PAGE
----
BOZEMAN — Culinary medicine – or blending the art of food and cooking with the science of medicine – can complement traditional medicine, and focusing on eating delicious, healthy foods can bring long-term benefits, according to Coleen Kaiser, director of the Montana Dietetic Internship program at Montana State University.
That’s the motivation behind a new collaboration between the Montana Dietetic Internship program and the WWAMI Medical Education Program at MSU.
“This collaboration is about getting people excited to eat scrumptious food, that over the lifetime has positive impacts on lessening the instance of cardiovascular disease, weight gain, obesity, the onset of diabetes and other chronic diseases associated with our eating habits,” said Kaiser, who is also a registered dietitian and licensed nutritionist. “It’s really about blending lifestyle choices, nutrition, culinary arts and health care.”
To learn how to associate food and nutrition choices with health care, this fall Montana dietetic interns provided workshops for students in the WWAMI program. As part of the project, 24 interns led three workshops for up to 45 participants.
The workshops – which began with a tour of Towne’s Harvest Garden, MSU’s student-run vegetable farm – were designed to introduce the concept of food as medicine with a focus on farm-to-table and sustainable food systems, according to Anna Diffenderfer, assistant director of the Montana Dietetic Internship program. They also provided an overview of the biochemical interactions and benefits of particular foods, as well as how to use the information in clinical settings, particularly in rural health care. Finally, the workshops provided a cooking lesson focused on the Mediterranean style of eating. Diffenderfer said the Mediterranean style was chosen because of a large amount of research that supports it as a healthy eating choice.
Kaiser said the dietetic interns brought a wealth of knowledge and skills to the workshops, including a background in food and food science, an understanding of nutrition as it relates to medicine and biochemistry, and expertise in behavioral changes related to nutrition. Still, she said, for as much as the workshops were designed to benefit WWAMI students, they also provided important lessons for the dietetic interns who led them.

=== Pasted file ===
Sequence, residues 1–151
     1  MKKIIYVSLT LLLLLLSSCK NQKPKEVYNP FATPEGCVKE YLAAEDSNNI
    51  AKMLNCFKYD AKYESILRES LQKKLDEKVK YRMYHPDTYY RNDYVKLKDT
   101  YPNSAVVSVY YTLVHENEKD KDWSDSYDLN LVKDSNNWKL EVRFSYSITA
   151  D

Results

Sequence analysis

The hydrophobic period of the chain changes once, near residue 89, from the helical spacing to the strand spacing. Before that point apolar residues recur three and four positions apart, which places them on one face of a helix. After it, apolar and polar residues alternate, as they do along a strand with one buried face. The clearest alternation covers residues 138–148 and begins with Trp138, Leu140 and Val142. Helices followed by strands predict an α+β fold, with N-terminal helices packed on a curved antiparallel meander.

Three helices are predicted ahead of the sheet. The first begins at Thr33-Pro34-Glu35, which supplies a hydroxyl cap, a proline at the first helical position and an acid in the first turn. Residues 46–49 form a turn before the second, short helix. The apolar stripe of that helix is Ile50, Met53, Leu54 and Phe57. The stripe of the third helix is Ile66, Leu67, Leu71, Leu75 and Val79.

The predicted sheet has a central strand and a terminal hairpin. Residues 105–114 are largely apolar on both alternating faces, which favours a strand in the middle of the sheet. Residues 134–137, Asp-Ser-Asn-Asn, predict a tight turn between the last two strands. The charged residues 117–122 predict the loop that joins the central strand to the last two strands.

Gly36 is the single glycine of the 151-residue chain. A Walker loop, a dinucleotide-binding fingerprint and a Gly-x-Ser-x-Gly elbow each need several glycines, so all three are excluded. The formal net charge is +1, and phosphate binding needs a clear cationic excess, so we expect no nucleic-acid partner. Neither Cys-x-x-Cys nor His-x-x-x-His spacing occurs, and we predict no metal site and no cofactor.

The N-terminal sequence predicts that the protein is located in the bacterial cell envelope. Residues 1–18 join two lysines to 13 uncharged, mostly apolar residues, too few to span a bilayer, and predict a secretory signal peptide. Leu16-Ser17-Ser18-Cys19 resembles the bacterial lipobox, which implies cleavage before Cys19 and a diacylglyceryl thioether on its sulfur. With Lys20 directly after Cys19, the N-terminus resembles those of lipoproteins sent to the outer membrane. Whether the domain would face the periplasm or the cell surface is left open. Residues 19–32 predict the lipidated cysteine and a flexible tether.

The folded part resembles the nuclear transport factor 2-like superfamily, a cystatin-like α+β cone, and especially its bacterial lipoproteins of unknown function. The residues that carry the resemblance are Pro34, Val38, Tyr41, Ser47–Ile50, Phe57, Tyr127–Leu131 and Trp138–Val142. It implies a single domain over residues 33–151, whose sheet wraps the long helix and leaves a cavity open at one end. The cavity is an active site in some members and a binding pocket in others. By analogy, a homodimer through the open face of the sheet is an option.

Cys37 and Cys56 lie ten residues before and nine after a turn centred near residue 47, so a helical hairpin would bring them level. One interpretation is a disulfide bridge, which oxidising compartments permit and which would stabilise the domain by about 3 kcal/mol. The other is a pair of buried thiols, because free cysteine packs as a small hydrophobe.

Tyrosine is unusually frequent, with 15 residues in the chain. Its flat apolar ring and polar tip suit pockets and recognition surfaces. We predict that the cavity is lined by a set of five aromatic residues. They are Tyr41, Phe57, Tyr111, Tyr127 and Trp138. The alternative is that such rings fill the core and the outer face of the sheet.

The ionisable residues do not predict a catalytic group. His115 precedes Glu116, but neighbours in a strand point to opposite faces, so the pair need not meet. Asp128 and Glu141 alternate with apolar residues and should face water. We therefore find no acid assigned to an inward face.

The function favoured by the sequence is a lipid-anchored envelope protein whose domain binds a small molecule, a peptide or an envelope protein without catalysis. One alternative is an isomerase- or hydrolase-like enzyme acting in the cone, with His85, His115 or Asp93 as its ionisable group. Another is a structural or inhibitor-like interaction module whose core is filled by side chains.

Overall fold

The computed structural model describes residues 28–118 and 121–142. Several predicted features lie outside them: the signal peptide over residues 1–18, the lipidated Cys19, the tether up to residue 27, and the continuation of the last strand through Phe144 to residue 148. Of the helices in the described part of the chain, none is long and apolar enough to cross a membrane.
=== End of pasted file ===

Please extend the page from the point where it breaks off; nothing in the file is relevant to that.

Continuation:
“This workshop was beneficial to my future by providing a platform to teach, learn and engage with another profession,” said Bailey Fisher, a dietetic intern who is originally from Billings. “Having this experience gives me more confidence in working with interprofessional teams.”
Lanie Sumlin, a dietetic intern from Littleton, Colorado, said the culinary medicine workshop experience validated her choice of profession.
“Not only were we able to share our knowledge in nutrition and sustainability with the WWAMI students but we had the privilege of conducting interprofessional work,” said Sumlin, who received a bachelor’s degree from MSU. “This workshop was beneficial to my future career because it reminds me that, as a future dietitian, we must always be advocating for ourselves by sharing with other professionals the value that a (registered dietitian nutritionist) can add to the health care team."
Culinary medicine is increasingly being incorporated into medical school curriculums, according to Colette Kirchhoff, foundations of clinical medicine clinical director of the WWAMI Medical Education Program at MSU and a family physician at Bozeman Health.
“Medical doctors are asked questions about nutrition and diet and often have very little nutrition education in their training,” she said. “This (workshop) is a start and an important one. So many of the medical illnesses we treat can be improved or prevented by good nutrition. We need to work together with our dieticians to improve the health of our society.”
To further develop the culinary medicine workshops, Kaiser and Diffenderfer, along with Colleen McMilin and Marcy Gaston – both faculty in the Department of Health and Human Development – recently won a $20,000 grant from the College of Education, Health and Human Development. Kaiser said the group’s goal is to have dietetic interns lead a pilot series of six culinary workshops for medical, nursing and other health profession students during the fall of 2018.
Kaiser and Diffenderfer hope that all of the workshops help future physicians feel comfortable addressing food and lifestyle choices with their patients. They also hope that they will encourage a team approach to wellness, so that physicians and registered dietitian nutritionists can work together to meet patient needs.
“There’s research to show that a holistic approach to well-being is beneficial in patient-centered care, and we hope that these workshops help facilitate and encourage this type of collaboration,” Kaiser said.
Contact: Coleen Kaiser, 406-994-5002 or email@example.com; or Anna Diffenderfer, 406-994-4074 or firstname.lastname@example.org